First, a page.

A few weeks ago, I had an absolute charity shop score. On an impromptu trip to my local Oxfam, I bagged a pair of vintage 501s, a jumper dress that’s perfect for layering over said jeans, a leopard print cardigan (something I’d recently been searching for on Depop anyway) and a long length pinstriped blazer jacket with a super cool asymmetrical button fastening. And I paid less than £35 for the whole lot.
I’d got myself some stellar garms, it was all second hand and I’d saved a fortune. Then, last weekend, I found another second hand gem. A strapless, wide leg, gingham jumpsuit with a frill trim was calling to me from the rail of a vintage shop, so I snapped it up for £18. Another triumph for second hand shopping and sustainability. Right? Well, sort of.
Sustainability isn’t just about buying second hand and investing in ethical labels and organic fabrics, it’s also about consuming less. And buying five items in the space of just a few weeks is definitely not consuming less.
With guilt quickly replacing my second hand bargain high, I announced to my boyfriend that I wouldn’t be buying any clothes for the next three months and made a note in my diary on the 25th June page that says, “NO CLOTHES BEFORE THIS DATE!”.
Why three months? The length of time is completely arbitrary; just the first thing that popped into my head. It seems a little paltry compared to Michelle McGagh’s self-set challenge of not buying anything at all for a full year but it should at least be a sufficient amount of time to rethink and readjust my shopping habits. Maybe I’ll extend it when 25th June rolls around but for now, three months is the goal.
I’m going to be completely honest. I know I will have to buy one thing during that time. Not strictly clothes but worth mentioning if I’m going to hold myself accountable: I need a pair of sandals. My last pair breathed their final breath at the end of summer 2016 and spending early summer stomping around in boots just isn’t practical.
When I realised my need for a new pair of sandals somewhat scuppered my plan, a funny thing happened. It started a chain reaction and I began to think of all the other things I might need. I haven’t been on a beach holiday since I was 14 but I panicked that I don’t have any swimwear. I had planned to buy a dark indigo denim jacket for spring/summer. What was I going to wear now?! (Answer, any of my other jackets). Maybe I’d need a pair of trousers or a new dress. What if I needed something before the 25th June?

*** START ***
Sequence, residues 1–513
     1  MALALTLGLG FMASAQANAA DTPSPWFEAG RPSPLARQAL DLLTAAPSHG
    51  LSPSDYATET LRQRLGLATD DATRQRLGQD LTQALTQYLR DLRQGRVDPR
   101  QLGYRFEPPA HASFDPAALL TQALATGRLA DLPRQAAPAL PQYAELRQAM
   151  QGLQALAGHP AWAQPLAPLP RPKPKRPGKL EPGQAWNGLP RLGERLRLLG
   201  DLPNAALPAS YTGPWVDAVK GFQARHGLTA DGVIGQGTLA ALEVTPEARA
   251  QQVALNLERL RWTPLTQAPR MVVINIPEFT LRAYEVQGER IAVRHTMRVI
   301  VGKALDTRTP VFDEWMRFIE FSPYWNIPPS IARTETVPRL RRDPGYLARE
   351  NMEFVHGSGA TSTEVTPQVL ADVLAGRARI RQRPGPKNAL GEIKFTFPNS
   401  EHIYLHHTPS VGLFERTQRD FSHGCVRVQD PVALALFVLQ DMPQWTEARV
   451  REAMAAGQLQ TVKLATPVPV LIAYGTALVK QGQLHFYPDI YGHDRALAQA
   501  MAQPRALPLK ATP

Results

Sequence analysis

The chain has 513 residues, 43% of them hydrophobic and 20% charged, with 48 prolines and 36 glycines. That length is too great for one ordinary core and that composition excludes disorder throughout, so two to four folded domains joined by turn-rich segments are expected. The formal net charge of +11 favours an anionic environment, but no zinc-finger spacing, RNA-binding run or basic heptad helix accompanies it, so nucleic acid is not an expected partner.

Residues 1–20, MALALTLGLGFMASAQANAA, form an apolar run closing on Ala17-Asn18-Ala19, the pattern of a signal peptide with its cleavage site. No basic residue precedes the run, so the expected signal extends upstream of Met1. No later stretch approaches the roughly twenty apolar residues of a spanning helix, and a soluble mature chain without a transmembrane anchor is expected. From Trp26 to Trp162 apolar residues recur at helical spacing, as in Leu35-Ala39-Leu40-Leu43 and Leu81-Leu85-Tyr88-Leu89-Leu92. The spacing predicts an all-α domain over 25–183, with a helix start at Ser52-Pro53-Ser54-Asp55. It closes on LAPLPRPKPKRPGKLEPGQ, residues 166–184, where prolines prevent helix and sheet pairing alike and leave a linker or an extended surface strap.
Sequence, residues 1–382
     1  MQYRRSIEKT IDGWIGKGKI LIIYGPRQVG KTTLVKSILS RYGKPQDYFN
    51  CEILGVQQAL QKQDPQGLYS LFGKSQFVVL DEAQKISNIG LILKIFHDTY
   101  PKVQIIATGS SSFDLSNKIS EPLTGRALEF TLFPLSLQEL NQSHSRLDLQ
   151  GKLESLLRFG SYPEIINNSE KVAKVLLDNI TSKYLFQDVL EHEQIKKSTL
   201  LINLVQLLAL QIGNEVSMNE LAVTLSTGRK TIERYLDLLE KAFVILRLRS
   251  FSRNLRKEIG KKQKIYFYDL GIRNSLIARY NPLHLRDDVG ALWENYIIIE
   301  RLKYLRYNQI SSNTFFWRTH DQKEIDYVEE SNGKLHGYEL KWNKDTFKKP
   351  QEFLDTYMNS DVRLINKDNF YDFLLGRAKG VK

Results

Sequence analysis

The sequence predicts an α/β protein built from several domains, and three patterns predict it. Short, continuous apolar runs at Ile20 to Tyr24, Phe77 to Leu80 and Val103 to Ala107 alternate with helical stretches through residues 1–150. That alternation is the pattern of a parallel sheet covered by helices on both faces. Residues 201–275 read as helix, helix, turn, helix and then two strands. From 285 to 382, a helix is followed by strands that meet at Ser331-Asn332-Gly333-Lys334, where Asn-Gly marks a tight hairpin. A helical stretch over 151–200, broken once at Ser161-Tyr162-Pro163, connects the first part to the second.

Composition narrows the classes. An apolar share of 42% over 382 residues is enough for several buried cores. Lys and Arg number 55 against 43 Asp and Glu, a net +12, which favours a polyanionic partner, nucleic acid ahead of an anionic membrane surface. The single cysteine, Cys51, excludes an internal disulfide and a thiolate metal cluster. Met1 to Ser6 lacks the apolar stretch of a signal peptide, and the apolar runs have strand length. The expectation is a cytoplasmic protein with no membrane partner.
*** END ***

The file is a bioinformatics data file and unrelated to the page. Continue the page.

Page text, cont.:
The thing is, I don’t need anything. I’m in absolutely no peril of being forced to leave the house naked having found myself bereft of any clothes to cover myself with. I have skirts, dresses, trousers, shirts, tops, jackets and coats. I have a plurality of each category of clothing but the consumer-clogged section of my brain started to itch at the thought of not being satisfied.
Want and need have become interchangeable and I hope to finally separate them within the next few months. Obviously I know the difference between the two on a literal level but you’d be surprised how often all of us transpose or conflate the two in the name of justifying a purchase.
I need a winter coat. I need shoes. I need a selection of clothes to cover my body. Do you know what else I’ve told myself I need? A pair of bright pink boots; a third summer dress; a fourth pair of jeans. None of them would serve an imperative function but I decided I needed them. I needed the pink boots because there would never be a pair as magnificent as them ever again (kind of true but still want not need); I needed the dress because it had long sleeves unlike any of my others and it looked v. Céline; I needed the jeans because I only had a light pair of Levi’s so obviously an indigo pair was necessary.
If I don’t break the cycle somewhere, I’m going to continue to ‘need’ unnecessary things for the rest of my life, adding further to the burden we put on our planet. Earlier this year, I set out to take the time to consider whether I really need to buy something before committing. I’ve stuck to it, asking myself, ‘do I need this?’ when I’m tempted to hand over my money and the majority of the time, whatever I’ve been tempted by has ended up back on the shelf. Somehow, though, this attitude stopped at my wardrobe door.
By enforcing a break in my part self-inflicted, part capitalism-inflicted consumer cycle for the next three months, I hope to mirror the same shift in my mindset that I achieved where accumulating superfluous stuff is concerned. I imagine it will be a little harder seeing as I write about clothes for a living and love fashion with every part of my being but it’s an essential exercise if I’m to truly embrace a sustainable mindset.
Here’s to the next three months…